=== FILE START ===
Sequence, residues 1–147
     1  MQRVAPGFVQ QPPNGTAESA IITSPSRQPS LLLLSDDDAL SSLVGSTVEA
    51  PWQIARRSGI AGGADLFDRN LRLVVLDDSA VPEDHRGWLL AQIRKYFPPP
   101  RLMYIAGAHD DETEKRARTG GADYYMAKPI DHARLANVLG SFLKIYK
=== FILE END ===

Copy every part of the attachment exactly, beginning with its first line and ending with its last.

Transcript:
Sequence, residues 1–147
     1  MQRVAPGFVQ QPPNGTAESA IITSPSRQPS LLLLSDDDAL SSLVGSTVEA
    51  PWQIARRSGI AGGADLFDRN LRLVVLDDSA VPEDHRGWLL AQIRKYFPPP
   101  RLMYIAGAHD DETEKRARTG GADYYMAKPI DHARLANVLG SFLKIYK